• Average Watt Hours Held During Testing: 26WH
  • Drop Test: Pass
  • Two USB-A ports and one USB-C port

Pros

  • Better reading of how much power is left in the unit
  • Held about one more watt hour than the competition 
  • Integrated flashlight
  • Affordable

Cons

  • Occasionally had trouble charging

A few blue LED lights is not a lot of information as to how much juice is left in your lightweight power bank. So I appreciated that the Inui Power Bank BI-B6 showed the percent of the battery that was in use. It also had a built-in flashlight (activated by holding down the power button for several seconds), and a kickstand that can be used to prop up your phone while it’s charging. These are all nice touches that can make the experience of using a lightweight power bank more pleasant.

Unfortunately, I occasionally had issues with the Inui Power Bank BI-B6 when attempting to charge it. For my test, I used the USB-A to USB-C that all three power banks came with and, in this instance, that pairing resulted in a few instances of checking in on the power bank after a few hours only to find that it hadn’t charged at all. Unplugging and replugging it in several times typically fixed the issue, but this may be a dealbreaker for some individuals. 

Things to Consider Before Buying a Lightweight Power Bank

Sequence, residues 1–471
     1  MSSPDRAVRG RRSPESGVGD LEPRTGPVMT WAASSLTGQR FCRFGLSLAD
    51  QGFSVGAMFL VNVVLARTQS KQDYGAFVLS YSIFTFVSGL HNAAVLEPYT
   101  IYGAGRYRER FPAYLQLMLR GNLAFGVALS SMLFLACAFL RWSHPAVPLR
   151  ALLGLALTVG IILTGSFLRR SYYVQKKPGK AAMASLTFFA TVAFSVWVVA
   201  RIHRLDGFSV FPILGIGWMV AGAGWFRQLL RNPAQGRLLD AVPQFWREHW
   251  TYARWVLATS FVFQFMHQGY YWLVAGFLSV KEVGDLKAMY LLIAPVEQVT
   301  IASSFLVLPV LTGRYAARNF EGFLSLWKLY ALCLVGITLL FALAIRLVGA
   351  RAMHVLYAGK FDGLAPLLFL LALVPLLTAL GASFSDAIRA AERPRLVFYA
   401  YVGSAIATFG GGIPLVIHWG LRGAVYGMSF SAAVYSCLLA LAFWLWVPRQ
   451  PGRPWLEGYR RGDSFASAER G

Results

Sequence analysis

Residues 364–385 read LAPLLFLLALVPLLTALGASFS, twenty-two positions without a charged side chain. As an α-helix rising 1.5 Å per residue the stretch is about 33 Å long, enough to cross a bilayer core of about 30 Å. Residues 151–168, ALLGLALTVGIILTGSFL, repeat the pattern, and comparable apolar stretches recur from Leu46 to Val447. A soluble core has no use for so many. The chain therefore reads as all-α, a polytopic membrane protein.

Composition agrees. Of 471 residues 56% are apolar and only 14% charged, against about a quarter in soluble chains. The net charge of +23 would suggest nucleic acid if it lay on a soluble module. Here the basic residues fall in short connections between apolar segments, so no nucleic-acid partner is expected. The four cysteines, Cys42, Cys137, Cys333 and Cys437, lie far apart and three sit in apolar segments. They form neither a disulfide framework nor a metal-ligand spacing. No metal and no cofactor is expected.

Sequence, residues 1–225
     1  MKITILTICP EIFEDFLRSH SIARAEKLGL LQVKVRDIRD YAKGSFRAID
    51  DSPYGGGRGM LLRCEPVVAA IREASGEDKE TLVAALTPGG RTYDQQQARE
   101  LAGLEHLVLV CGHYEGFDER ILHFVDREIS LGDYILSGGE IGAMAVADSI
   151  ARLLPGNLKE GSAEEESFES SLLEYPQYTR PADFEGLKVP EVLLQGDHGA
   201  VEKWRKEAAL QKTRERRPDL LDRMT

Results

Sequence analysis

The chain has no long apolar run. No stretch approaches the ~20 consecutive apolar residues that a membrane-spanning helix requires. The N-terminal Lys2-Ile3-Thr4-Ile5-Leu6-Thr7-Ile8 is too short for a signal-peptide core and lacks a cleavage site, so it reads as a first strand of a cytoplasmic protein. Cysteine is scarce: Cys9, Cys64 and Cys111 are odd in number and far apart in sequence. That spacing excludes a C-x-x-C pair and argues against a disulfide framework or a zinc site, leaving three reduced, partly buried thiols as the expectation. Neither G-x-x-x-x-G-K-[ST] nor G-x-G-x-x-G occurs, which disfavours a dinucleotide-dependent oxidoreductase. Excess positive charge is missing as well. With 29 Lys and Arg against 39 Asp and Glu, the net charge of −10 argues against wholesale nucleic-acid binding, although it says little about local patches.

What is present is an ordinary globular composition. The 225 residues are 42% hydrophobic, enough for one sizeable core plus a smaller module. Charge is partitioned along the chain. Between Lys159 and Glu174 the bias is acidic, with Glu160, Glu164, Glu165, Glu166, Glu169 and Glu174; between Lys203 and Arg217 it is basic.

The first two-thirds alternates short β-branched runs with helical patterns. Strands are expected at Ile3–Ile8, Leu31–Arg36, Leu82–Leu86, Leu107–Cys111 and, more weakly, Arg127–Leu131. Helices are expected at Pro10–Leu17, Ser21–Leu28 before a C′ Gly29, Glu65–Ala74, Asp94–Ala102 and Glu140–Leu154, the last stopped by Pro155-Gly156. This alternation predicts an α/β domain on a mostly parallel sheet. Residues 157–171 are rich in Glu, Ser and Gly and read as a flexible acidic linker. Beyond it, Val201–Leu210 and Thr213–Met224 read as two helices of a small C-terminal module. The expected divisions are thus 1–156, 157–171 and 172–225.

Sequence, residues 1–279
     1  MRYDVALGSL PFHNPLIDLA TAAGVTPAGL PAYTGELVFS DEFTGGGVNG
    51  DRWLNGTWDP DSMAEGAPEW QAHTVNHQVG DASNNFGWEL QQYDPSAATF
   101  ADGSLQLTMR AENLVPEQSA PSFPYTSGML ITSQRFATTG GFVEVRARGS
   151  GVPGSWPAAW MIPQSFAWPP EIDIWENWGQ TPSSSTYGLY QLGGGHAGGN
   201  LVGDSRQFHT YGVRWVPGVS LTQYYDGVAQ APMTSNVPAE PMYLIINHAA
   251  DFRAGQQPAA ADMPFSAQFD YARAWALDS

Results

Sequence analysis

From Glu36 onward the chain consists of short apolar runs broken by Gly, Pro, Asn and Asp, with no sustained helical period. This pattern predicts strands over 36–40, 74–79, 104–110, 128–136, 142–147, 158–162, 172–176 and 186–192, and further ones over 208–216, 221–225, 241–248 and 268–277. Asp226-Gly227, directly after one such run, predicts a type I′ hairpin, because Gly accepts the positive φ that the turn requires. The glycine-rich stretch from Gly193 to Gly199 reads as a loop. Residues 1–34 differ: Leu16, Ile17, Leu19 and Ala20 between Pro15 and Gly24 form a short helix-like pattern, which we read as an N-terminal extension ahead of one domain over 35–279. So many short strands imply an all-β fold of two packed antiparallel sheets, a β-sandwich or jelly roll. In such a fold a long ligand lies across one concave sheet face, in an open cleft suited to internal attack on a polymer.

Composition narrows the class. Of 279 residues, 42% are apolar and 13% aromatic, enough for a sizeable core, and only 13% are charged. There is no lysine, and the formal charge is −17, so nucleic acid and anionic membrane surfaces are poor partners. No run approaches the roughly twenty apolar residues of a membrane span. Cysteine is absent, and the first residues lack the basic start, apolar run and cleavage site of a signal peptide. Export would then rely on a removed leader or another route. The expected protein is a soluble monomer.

Weight

The weight of a lightweight power bank will likely be a tradeoff with either cost, or potential energy output, or both. Consider your other needs first before making a final decision about what weight is acceptable.

Cost

With power banks and other electronics, you typically get what you pay for. If you want a power bank that will have a longer, more reliable lifespan, plan to spend a little more money.

Energy Potential

While power banks often advertise their mAh (milleampre hour), I’d encourage you to look for the stated watt hours. That’s because the energy potential of mAh typically depends on using a lower voltage than most smartphones or other modern electronics use. The watt hours will give you a better comparative sense of the actual energy output of a power bank. It’s also how the best solar generators measure energy output.

Cords

During my time testing the best power banks for camping and the best lightweight power banks, I have been surprised at how many of them come with USB-A to USB-C cables that are, frankly, garbage. I’d plan on purchasing a separate one from a company like Anker or Goal Zero to ensure you don’t inadvertently damage your phone or other electronics. 

Read Next: The Best Solar Generators of 2023, Tested and Reviewed

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Final Thoughts on the Best Power Banks for Backpacking

A power bank for backpacking has many uses, from trail running to throwing in your bag for your daily rounds. The testing done for this story provides some guidance on how reliable the claimed energy potential of a few of the top models of power banks are. Which choice is right for you depends on your current needs and priorities. 

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Laura Lancaster

Staff Writer

Laura Lancaster is Outdoor Life's gear staff writer where she focuses on in-depth testing of backpacking and camping gear, with a particular interest in lightweight and ultralight gear. She lives in the Pacific Northwest with her husband and daughter.